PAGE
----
Here’s the explanation about the Internet thing: When I had smoked the egg meerschaum for a while, it didn’t seem like the meerschaum coloration process was happening fast enough. I’m a very impatient person. So digging on the ‘net, I found a couple of methods for accelerating the coloration process. While I won’t go into what I tried, I will tell you that I ended up completely removing the meerschaum’s finish. The surface was not glossy at all. If you’re a meerschaum user, you know what the finish of a new meerschaum should feel like. I don’t give a good description here, but let it be said that I did completely screw up the finish.

I bought the Paragon for the express purpose of trying it on my meerschaums. I tried the egg meerschaum first, following the directions. Yes, I RTFM’d this time. Anyway, almost immediately, an awful stain spread across the bowl. I flipped out, and took extremely, extremely fine grit sandpaper to the stain. I figured I had already ruined the bowl, it didn’t really matter. Once the stain was gone, I tried it again, and a new stain appeared. Again, I took some sandpaper to it. I did it a third time, and the same thing happened. Disgusted, I set the pipe aside.

I decided to try the Kirsten as I think it’s made of pressed meerschaum dust instead of carved meerschaum, so the meerschaum wouldn’t color anyway. Again, figuring it was a lost cause, I tried sanding the rim a little to take away the scorch marks. I applied the wax just to the rim of the pipe, waited, polished, and was surprised to see that the finish looked new. What I hadn’t removed with the sandpaper was still there, but the finish still looked like it had just been applied. Wow!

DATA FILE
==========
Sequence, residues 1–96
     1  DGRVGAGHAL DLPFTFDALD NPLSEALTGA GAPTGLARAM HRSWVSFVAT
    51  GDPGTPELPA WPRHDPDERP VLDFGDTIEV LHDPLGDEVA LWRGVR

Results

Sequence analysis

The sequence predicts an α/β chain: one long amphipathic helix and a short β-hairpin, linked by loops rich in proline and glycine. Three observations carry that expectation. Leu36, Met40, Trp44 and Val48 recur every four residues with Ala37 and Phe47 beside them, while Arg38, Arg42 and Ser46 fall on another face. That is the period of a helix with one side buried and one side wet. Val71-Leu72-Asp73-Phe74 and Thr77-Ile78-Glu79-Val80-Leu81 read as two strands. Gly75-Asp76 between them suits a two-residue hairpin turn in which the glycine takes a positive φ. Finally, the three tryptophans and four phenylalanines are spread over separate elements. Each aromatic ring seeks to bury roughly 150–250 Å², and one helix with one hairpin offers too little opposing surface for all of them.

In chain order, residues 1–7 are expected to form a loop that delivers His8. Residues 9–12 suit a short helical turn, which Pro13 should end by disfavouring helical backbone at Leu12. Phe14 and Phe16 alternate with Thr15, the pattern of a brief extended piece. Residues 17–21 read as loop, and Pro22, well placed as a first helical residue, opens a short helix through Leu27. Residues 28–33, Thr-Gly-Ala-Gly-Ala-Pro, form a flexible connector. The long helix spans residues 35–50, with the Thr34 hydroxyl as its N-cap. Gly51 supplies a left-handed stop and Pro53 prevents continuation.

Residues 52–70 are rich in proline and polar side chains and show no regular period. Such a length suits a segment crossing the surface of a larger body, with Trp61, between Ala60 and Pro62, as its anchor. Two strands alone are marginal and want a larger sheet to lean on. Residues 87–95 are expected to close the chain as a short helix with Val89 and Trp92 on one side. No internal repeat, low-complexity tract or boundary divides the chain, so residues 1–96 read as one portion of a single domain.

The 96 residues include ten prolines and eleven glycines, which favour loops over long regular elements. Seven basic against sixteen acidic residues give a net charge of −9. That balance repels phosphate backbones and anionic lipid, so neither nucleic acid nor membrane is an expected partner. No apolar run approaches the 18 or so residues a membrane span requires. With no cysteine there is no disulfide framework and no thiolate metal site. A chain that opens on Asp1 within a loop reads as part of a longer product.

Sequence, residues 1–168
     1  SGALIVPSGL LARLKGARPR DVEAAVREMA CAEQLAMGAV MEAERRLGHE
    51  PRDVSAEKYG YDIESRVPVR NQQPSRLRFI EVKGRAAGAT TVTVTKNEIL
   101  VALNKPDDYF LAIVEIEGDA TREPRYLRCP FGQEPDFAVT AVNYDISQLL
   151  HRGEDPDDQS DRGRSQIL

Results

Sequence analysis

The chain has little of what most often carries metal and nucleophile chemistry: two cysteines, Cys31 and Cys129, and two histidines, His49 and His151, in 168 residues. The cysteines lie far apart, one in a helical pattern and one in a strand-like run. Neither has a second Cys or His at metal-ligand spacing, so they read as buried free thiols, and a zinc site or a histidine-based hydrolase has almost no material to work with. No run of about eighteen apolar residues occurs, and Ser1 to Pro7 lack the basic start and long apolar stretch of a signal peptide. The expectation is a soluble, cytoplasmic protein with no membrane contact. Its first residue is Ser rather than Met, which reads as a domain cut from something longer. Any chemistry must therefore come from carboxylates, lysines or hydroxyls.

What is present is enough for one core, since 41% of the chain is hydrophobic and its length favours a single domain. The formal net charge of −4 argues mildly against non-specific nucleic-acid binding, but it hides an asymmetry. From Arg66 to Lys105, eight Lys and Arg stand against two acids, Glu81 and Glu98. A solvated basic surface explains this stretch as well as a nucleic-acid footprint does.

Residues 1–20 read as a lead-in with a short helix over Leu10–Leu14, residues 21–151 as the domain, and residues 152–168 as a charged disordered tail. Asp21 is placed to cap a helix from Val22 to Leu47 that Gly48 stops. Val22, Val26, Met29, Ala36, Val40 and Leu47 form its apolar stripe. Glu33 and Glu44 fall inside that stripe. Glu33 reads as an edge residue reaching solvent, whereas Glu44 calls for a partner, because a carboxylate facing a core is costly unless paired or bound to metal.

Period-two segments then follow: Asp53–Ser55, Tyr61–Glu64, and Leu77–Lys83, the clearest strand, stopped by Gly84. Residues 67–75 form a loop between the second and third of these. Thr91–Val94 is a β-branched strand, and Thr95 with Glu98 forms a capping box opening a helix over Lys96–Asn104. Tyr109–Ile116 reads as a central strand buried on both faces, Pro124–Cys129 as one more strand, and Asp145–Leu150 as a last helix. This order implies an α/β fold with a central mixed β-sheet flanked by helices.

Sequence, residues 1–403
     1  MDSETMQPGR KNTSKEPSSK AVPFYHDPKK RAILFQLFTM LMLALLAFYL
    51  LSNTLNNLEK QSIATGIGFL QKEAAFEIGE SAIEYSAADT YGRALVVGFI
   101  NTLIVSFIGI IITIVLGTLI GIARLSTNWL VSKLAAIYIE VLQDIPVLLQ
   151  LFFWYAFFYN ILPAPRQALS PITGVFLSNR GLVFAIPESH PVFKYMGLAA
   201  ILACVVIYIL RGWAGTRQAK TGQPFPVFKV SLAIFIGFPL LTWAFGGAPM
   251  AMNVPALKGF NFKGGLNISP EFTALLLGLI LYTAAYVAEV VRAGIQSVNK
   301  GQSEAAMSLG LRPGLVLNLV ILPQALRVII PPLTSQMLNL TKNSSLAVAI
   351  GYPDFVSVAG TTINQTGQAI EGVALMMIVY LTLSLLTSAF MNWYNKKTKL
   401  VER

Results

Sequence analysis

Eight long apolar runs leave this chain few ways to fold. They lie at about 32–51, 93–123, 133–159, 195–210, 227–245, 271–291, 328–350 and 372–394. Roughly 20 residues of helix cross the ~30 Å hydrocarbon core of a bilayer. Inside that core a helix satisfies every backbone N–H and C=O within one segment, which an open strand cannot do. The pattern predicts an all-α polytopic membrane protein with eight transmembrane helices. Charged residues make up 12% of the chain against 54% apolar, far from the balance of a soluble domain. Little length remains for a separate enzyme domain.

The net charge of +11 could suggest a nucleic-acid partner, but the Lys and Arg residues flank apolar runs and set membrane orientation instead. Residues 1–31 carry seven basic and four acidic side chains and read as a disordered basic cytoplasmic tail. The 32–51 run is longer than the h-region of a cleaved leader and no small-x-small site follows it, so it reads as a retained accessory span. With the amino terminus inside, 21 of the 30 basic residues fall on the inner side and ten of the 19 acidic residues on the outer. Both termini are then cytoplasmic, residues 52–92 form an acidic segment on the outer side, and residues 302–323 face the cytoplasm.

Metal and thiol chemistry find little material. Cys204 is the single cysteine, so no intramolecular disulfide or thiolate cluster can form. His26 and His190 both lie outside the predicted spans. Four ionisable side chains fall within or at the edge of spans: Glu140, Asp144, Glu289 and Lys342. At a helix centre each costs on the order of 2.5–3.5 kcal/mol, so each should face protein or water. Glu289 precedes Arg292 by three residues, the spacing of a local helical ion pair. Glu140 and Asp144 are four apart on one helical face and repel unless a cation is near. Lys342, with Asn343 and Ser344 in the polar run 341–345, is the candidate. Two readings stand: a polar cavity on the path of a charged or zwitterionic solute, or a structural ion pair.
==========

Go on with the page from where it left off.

I happened to glance over at the egg meerschaum, and the ugly stain had vanished. What the heck?! I rubbed off the glaze, amazed to see how shiny the meerschaum became. The stain was gone, and while it didn’t look new, the finish look great. I decided to try applying a second coat to see what happened.

I put the wax on, and again, the pipe developed ugly stains. Then I watched the pipe, and the stains faded within a few minutes. I shined it up again, and it looked even better! I don’t know if the stain appeared appeared because of the near complete lack of finish or what, but it seems I had panicked hastily. Even the areas where I had sanded looked great.

I’ve applied numerous coats to my meerschaum and the finish has improved each time. And I might be wrong, but the coloration process looks like it’s accelerated a little. Maybe in drying, the glaze pulled the nicotine outwards. I don’t know, but like I said, knowing the complete disaster I had started with, I’ve been amazed with the results.

So that’s my experience with Paragon Wax.

I’d post pictures of the pipe, but I don’t have a good “before” picture so it’d be kind of pointless. You’ll just have to take my word for it.

Pipe Stuff

I thought I’d tell you about some of my pipe stuff. When you start smoking a pipe, it seems pretty straightforward. You need a pipe and tobacco. Well, you have to light the thing, but you can’t use an ordinary lighter, unless you want to singe the hell out of your pipe. So you’re going to need matches or a special lighter. I have one pipe that absolutely demands matches, so I carry “strike anywhere” matches in a waterproof match container. For the rest of them…well, I have a Zippo I’ve been carrying around since 1983. I hated to shelve it, so I bought a pipe insert for it. It’s like a regular lighter insert, but instead of an open flame at the top, there’s a “cage” at the top, with holes in the side. To light a pipe, you turn the Zippo on it’s side. I could buy a specialty butane lighter, but I’m mentally challenged when it comes to filling up butane lighters. Don’t ask me why, I just can’t fill them properly.